From the article: "It is time for U.S. companies to raise their service aspirations significantly and for U.S. executives to declare war on mediocre service and set their sights on consistently excellent service, say the authors. This goal is within reach if managers will provide the necessary leadership, remember that the sole judge of service quality is the customer, and implement what the authors call the "five service imperatives."

Examples: Deluxe Corporation, Southwest Airlines, Sewell Village Cadillac, Palais Royal Apparel, Nordstroms, Wal-Mart, McDonalds, Century 21, Walt Disney World, Friendly Bank, PHH FleetAmerica, Aid Association for Lutherans, Preston Trucking Company, Books and Co., Florida Power & Light, British Airways, Wachovia Bank & Trust, First Bank System, American Express

Compare with:
SERVQUAL: A Multiple-Item Scale for Measuring Consumer Perceptions of Service Quality
Clueing in Customers
The Service Concept: The Missing Link in Service Design Research?
Journal of Operations Management, 2002
Susan Goldstein
From the article: "The service concept plays a key role in service design and development. But while the term is used frequently in the service design and new service development literature, surprisingly little has been written about the service concept itself and its important role in service design and development. The service concept defines the how and the what of service design, and helps mediate between customer needs and an organization’s strategic intent. We define the service concept and describe how it can be used to enhance a variety of service design processes. As illustrations here, we apply the service concept to service design planning and service recovery design processes. Employing the service concept as an important driver of service design decisions raises a number of interesting questions for research which are discussed here."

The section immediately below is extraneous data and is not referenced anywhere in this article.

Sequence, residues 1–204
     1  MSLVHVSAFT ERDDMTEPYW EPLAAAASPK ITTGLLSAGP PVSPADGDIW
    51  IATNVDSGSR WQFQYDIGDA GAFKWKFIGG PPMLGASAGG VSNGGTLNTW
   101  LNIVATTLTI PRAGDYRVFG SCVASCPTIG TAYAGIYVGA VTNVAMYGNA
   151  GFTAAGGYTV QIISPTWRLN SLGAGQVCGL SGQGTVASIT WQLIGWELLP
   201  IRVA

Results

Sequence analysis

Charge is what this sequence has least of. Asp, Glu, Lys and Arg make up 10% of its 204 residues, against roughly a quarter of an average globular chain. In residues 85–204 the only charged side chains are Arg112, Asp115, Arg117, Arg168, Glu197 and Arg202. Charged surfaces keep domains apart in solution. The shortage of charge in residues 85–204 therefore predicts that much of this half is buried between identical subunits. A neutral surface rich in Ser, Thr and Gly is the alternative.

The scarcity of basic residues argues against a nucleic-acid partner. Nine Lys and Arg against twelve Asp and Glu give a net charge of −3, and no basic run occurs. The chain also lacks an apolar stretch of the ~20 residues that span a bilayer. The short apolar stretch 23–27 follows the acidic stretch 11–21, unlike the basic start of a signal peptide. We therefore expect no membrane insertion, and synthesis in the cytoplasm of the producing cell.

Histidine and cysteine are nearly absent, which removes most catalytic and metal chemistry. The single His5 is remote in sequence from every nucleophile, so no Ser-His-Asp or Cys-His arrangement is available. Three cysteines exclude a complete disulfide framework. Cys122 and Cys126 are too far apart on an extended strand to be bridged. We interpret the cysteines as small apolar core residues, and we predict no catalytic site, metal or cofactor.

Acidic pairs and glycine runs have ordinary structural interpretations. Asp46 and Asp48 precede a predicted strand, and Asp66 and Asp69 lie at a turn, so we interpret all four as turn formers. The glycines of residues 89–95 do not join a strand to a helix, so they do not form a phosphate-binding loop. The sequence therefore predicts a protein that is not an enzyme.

Key Concepts for New Service Development
The Service Industries Journal, 1996
Bo Edvardsson
From the article: "This article deals with service development from a quality perspective. Our point of departure is to build in the right quality from the start. The article presents a new frame of reference for new service development based on empirical studies in Sweden. It argues that the main task of service development is to create the right generic prerequisites for the service. This means an efficient customer process, that is to say the process must be adapted to the logic of the customer !v behaviour and a good customer outcome, i.e., the service is associated with quality. We distinguish three main types of development: the development of the service concept, the development of the service system (resource structure) and the development of the service process."

Example: Swedish Telecom

Lean Consumption
Harvard Business Review, 2005
James Womack
From the article: "Lean production transformed manufacturing. Now it's time to apply lean thinking to the processes of consumption. By minimizing customers' time and effort and delivering exactly what they want when and where they want it, companies can reap huge benefits. "

Examples: Fujitsu Services, Grupo Fernando Simão, Grocery Stores, Shoe Stores, Nike, Tesco, Wal-mart, Costco

Compare with:
The Lean Service Machine
Experience Prototyping
Symposium on Designing Interactive Systems, 2000
Marion Buchenau